Let’s say you have a nice home theater system in one end of the room and a powered subwoofer in the other. Everything sounds nice until you plug the subwoofer into the AC outlet next to it, and, viola, your system is now humming a new tune. Unfortunately, it’s not humming the tune you wanted it to.
The ported cabinet on Leon Speakers’ new A3 Subwoofer is only 4” deep even though it holds an 8” woofer. It can be used as an in-wall, on-wall, or in-room subwoofer and is a great match for the company’s new Horizon 212 single-cabinet LCR that’s only 2” deep. As with all Leon Speakers speakers, the cabinets can be totally customized when it comes to size, finish, color, and etc. The base price of the A3 is $1,195. The Horizon 212 starts at around $1,500.
You’ll find more rock-like speakers here at CEDIA than anywhere else in the world. A new one from an old company caught my eye as I was moving through the crowds to get to my next appointment. StereoStone’s Fountain Speaker has a real working water fountain, submersible low-voltage lighting, and an 8” woofer with left and right tweeters. The whole thing ships completely assembled in a single box – without the water, I assume – and sells for $599.95.
I arrive in Denver, Colorado – the city still awash with Democratic campaign paraphernalia (much of it for sale in a tent outside the convention center) – to attend the umpteenth CEDIA convention in my long and storied career. I came with visions of large, flat-panel HDTVs hanging everywhere, including in my hotel room as befits such an esteemed member of the press as I. But, alas, all I found waiting for me in the Sheraton was this lowly Philips 27 (or thereabouts)-inch, definitely low-def, analog TV sporting a CRT that’s almost as curved as my stomach after a late-night drink-laden press dinner. The only consolation is that at least there are plenty of channels for me not to watch since I’ll only see this room for maybe six hours a night (well, “see” the room is a generous term).
If you look closely in this picture of the chaos that immediately followed the Sony press conference, you’ll see…chaos. If you look a little closer, you’ll see some pencil-thin speakers (actually, I think the term they used was “the width of a finger” but I may have been in the middle of a mile-high altitude-induced alcohol-enhanced stupor at the time so it might as easily have been “the width of a fingerling potato”) on display here as part of the BDV-IT1000ES - Sony’s first ES HTiB that includes an integrated Blu-ray Disc player. The main speakers each measure approximately .75-inch wide by 22 inches long, and they’ll come with the rest of the system when it ships in October and you fork over the required $1,999.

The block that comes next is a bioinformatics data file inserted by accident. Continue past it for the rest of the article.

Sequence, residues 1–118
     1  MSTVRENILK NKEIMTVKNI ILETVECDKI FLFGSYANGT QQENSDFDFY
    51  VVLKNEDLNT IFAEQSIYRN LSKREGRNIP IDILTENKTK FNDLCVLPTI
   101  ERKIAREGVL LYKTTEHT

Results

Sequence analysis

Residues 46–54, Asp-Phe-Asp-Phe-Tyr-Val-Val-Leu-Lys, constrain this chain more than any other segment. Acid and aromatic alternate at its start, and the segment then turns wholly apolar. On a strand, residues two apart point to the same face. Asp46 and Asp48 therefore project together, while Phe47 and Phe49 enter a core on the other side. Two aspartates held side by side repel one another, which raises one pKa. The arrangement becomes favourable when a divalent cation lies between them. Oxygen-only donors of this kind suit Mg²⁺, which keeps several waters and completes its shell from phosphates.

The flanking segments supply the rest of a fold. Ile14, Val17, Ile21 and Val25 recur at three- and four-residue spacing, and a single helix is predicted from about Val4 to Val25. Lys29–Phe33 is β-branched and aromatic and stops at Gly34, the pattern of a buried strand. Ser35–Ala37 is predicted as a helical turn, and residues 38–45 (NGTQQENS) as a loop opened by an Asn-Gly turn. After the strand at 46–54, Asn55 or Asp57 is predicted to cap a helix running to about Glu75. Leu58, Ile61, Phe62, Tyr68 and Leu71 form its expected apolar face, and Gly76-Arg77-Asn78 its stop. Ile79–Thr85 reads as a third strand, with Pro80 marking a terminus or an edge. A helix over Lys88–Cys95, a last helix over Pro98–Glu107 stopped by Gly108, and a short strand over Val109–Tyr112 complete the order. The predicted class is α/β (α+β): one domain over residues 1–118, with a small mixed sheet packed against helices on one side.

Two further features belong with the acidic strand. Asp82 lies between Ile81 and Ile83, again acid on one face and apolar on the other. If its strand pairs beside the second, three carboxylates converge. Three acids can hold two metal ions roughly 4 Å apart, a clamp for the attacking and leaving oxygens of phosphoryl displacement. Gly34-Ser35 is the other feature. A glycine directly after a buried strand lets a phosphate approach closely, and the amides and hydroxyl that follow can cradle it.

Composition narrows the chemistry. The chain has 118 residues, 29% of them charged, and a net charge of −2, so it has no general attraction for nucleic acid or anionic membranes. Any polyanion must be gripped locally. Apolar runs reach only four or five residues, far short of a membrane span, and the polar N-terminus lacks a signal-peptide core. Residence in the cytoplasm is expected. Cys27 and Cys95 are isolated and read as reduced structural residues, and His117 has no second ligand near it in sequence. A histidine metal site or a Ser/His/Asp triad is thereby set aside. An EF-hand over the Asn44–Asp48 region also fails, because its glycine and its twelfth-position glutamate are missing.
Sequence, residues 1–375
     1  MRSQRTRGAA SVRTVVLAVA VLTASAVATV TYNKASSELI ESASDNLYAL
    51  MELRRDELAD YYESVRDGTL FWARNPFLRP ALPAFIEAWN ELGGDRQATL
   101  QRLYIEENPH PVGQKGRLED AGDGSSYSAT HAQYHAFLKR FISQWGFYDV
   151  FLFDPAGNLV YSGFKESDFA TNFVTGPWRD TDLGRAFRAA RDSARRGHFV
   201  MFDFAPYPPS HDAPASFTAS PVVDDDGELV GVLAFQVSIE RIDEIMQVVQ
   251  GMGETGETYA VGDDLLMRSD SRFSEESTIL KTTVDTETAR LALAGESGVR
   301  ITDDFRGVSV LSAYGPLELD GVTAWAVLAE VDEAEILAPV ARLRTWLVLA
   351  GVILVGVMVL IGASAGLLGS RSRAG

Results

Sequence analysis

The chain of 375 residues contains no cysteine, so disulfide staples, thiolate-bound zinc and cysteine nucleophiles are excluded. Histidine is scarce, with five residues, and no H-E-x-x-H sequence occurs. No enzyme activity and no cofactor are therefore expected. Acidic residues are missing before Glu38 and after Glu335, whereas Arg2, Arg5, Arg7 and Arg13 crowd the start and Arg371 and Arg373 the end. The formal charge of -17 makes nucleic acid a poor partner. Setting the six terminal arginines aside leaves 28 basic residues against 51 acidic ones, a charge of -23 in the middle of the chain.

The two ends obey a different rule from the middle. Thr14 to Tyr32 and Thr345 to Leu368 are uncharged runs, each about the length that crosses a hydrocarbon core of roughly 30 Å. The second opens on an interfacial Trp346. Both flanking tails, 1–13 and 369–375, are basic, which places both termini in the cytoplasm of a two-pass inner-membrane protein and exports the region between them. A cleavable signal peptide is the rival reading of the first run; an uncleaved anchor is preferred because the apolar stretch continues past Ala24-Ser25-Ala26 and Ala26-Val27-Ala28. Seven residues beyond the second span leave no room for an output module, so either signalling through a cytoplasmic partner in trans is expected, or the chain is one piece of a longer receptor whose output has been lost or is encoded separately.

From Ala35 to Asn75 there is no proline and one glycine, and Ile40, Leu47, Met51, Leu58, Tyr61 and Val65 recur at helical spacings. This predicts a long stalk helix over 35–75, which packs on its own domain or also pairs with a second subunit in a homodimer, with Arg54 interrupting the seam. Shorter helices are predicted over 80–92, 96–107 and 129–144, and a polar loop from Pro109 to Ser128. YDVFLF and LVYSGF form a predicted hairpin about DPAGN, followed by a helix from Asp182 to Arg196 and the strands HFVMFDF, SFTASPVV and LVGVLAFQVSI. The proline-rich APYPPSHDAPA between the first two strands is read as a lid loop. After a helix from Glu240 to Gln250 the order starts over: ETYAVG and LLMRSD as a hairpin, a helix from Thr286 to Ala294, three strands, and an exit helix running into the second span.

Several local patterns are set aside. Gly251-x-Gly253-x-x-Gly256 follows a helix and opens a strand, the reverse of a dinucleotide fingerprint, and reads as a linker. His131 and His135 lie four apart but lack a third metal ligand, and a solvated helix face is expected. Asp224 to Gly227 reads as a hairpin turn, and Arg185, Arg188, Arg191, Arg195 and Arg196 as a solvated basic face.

LG and Netflix announced the fruits of a previously inked partnership: the new LG BD300 Network Blu-ray Disc Player that’s the world’s first Blu-ray disc player to be able to instantly stream movies and TV episodes from Netflix (if you have a Netflix subscription).
Bringing back fond memories of the one misdirected year (1998) when CEDIA held its convention in New Orleans (just after another near-miss storm) and not many conventioneers (including me) made it to many of their appointments or meetings, SpeakerCraft enlisted the aid of some scantily clad acrobatic dancers to catch the attention of the press folks who didn’t go to the Toshiba press conference. (It worked.)
When Definitive Technology originally introduced its Mythos line of speakers, the slender, curved, aluminum-cabinet tower models were matched by equally svelte, under-5-inch-deep on-wall and center-channel models using the same form and style turned horizontally. A while ago, the company literally expanded the Mythos center-channel speakers by packing the front LCR speakers
Some people would call it cheating. Others might be less pejorative and consider it a shortcut. Either way, setting a rectangular box on top of your TV, plugging in an analog stereo RCA cable, finding an outlet for a single AC power cord, and pressing the power button isn’t what God intended when he gave us home theater. No, a real man’s home theater demands a separate processor and amplifiers, multiple speakers, many long runs of speaker wire, and an inconvenient place to put a subwoofer. It should take real work to set the whole thing up—and more than a sporting chance to wire something incorrectly.